Children

Most aspects relating to children upon divorce or breakdown of a relationship and also care proceedings are governed by the Children Act 1989 as amended and supplemented by other statutes.

Under the Children Act 1989 the interests of the child are paramount and there is a welfare checklist set out for the Court to consider in exercising its powers. The Court will not make any order unless it is positively in the child’s interests to do so.

The law on children has changed in the last couple of years an emphasises the importance of children having an ongoing relationship with both of their parents following family separation, when it is in the child's interests.  Terminology is changing and we moving away from concepts of Residence and Contact as set out below to Shared Parenting and Child Arrangements Orders. Child Arrangement Orders come into effect from 22nd April 2014. There is also a presumption that both parents are important in a child's life but not that this means an equality of time with each.


Parental Responsibility

These are the rights and obligations a parent has for a child. They are not extensively set out in the legislation but are taken to include the obligation to make sure the child is properly accommodated and cared for as well as the right to make important decisions such as schools attended, consent to medical treatment, with whom they come into contact, the religion the child is brought up in etc. As a matter of good practice such decisions should always be taken in consultation with the other parent – and the child if old enough - whether Parental Responsibility is shared or not.

The child’s mother acquires Parental Responsibility upon birth of the child but the father acquires it only if:

  • He is married to the mother at the time of birth or subsequently marries her.
  • He is recorded on the child’s birth certificate as the father.
  • He is granted it by a Court.
  • He enters into a Parental Responsibility Agreement with the mother.

For children born before 1st December 2003 even if the father’s name appears on the birth certificate he has not acquired Parental Responsibility. It is possible to re-register a child’s birth to show the father’s details so that Parental Responsibility can be acquired this way.

This can be a complex area and advice should be taken. For example, the Parental Responsibility Agreement has to be in a particular form with various formalities to be followed, Parental Responsibility can also be delegated, for example, where a parent is going into hospital and the child is being looked after by grandparents.

Child Arrangements Order

This means means an order regulating arrangements relating to any of the following—

(a)    with whom a child is to live, spend time or otherwise have contact, and
(b)    when a child is to live, spend time or otherwise have contact with any person;”.

 

It replaces the concepts of Residence and Contact.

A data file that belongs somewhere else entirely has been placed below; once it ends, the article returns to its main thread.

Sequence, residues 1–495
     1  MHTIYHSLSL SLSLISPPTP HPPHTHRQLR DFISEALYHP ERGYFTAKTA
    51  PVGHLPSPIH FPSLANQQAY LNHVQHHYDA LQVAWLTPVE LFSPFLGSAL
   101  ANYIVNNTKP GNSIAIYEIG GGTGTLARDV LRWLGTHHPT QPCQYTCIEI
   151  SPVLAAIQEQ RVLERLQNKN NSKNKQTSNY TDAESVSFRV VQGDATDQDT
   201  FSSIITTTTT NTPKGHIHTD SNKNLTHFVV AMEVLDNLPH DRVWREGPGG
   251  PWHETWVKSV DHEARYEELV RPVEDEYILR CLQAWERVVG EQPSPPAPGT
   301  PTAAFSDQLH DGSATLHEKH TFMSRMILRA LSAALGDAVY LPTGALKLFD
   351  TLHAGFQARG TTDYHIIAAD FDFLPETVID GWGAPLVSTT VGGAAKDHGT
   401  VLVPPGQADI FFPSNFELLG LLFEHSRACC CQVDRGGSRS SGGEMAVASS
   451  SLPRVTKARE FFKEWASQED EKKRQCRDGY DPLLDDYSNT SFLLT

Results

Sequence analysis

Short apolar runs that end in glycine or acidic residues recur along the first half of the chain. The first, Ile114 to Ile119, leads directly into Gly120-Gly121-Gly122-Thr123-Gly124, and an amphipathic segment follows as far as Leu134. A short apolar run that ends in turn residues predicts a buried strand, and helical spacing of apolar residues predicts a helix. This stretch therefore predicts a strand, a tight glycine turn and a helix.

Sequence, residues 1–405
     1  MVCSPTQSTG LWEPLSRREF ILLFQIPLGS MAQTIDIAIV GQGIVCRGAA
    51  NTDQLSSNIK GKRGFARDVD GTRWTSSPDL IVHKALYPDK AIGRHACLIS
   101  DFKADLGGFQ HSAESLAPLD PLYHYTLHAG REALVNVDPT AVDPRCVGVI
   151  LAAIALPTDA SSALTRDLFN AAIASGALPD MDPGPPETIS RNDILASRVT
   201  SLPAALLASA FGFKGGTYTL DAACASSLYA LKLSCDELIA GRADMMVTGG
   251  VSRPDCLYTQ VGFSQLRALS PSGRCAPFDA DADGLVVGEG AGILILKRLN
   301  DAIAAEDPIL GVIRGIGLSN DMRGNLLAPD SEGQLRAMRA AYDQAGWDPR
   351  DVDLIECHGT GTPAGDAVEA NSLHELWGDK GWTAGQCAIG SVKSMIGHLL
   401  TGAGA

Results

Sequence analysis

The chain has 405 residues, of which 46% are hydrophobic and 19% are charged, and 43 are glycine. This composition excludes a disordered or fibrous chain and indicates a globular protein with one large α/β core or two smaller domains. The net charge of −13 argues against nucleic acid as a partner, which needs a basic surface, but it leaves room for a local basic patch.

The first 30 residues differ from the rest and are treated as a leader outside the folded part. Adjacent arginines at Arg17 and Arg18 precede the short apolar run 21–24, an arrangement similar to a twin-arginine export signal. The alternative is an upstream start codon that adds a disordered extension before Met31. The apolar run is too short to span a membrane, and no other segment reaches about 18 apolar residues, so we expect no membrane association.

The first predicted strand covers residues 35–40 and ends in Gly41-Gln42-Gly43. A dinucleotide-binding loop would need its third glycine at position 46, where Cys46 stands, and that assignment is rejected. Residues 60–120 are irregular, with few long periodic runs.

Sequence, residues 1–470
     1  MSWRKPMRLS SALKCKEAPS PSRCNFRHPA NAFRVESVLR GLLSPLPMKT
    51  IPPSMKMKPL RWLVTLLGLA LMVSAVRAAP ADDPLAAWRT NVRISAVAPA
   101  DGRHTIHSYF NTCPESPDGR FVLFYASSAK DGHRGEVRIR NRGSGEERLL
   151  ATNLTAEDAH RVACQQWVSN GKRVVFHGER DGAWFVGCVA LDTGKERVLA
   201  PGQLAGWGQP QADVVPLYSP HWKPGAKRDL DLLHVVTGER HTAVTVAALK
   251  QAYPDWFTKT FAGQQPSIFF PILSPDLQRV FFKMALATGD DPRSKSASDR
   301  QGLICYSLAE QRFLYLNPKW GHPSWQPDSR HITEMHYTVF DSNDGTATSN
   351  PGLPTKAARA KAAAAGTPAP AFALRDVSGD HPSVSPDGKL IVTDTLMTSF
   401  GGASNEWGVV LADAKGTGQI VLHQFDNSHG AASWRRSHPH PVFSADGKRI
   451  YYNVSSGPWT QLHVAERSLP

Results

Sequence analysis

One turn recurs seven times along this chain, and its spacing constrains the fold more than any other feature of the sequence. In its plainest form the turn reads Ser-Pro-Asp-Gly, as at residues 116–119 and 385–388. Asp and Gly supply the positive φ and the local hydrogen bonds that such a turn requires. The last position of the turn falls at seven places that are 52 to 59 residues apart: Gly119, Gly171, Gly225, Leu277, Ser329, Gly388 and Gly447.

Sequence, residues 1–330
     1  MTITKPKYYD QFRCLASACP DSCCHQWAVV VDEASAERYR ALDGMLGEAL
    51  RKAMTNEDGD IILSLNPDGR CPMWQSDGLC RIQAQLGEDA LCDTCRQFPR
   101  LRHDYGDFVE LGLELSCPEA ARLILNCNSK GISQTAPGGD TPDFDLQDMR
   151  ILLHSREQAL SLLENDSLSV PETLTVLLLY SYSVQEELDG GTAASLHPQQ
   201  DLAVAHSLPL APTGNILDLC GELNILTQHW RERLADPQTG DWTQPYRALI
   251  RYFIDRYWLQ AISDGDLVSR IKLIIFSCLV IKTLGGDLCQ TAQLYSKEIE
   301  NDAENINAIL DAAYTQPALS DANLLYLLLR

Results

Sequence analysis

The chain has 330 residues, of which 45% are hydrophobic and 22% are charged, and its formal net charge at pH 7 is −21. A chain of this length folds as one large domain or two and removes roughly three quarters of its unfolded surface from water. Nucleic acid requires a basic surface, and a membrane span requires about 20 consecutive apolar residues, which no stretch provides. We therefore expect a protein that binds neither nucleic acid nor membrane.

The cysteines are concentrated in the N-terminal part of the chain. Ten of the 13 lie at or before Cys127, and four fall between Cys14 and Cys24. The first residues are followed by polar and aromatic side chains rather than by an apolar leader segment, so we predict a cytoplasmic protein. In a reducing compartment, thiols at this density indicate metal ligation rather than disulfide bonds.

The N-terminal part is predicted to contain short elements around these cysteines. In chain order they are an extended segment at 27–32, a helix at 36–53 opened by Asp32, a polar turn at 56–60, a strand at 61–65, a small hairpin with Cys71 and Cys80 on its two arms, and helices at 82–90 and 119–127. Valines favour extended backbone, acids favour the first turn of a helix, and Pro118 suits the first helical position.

Residence was the term used to describe with whom the child lives. This could be joint or shared, an increasingly common situation to avoid the implication that a parent with a Residence Order has any greater power or control over the child.  This is also why the term has changed to Child Arrangements Order to emphasise both parents have a role in bringing up children.  However, a misconception is growing that shared parenting implies equality of time with each - it does not.


Contact, a term retained within the definition of a Child Arrangements Order

Is the time the child spends with the parent with whom he or she is not living or with others – usually extended family members. Contact can be:

  • Indirect – telephone calls, Skype, Facetime, letters, postcards e-mails etc.
  • Direct – time spent with the other parent or others.
  • Staying – involves staying overnight with the other parent or family members.


Principles

It is important that whatever the relationship between separating parents the children should be shielded from any hostility or animosity and should not be involved in adult matters. However, it is also important their voices are heard by the adults whilst not investing in them the responsibility for making decisions as they do not wish to choose between either parent.


Resolution has put together a very good page for advice that can be accessed by clicking here.


Public Law – Care – Proceedings

These are where the Local Authority has concerns for the welfare of children and takes action to share Parental Responsibility with the parent(s). These can lead to children being removed from their home and placed for adoption although current approaches are to try and keep the child within their family. Increasingly, members of a child’s extended family such as grandparents, aunts or uncles will become involved and be considered as potential carers. Unhappily legal aid which is automatically granted to the parents without means testing in such proceedings - and which continues despite cuts in other areas - is not available to the wider family and involvement in such proceedings can be costly. We have experience of involvement in such proceedings in acting for parents and carers and can put together a package of representation designed to keep costs to a minimum, for example, just to prepare statements or to attend key hearings. Sometimes the Local Authority can be persuaded to contribute to the costs.

If you are concerned about a child in such a situation please get in touch to discuss how we may be able to help.


In All Cases

It is important to know what your rights are to start with so please give a call - 01726 68926 - to arrange a free discussion of how we may be able to help.  If an application to the Court is necessary then we may be able to offer to do this at a fixed fee which could be paid by instalments and will explain and talk to you about this as well.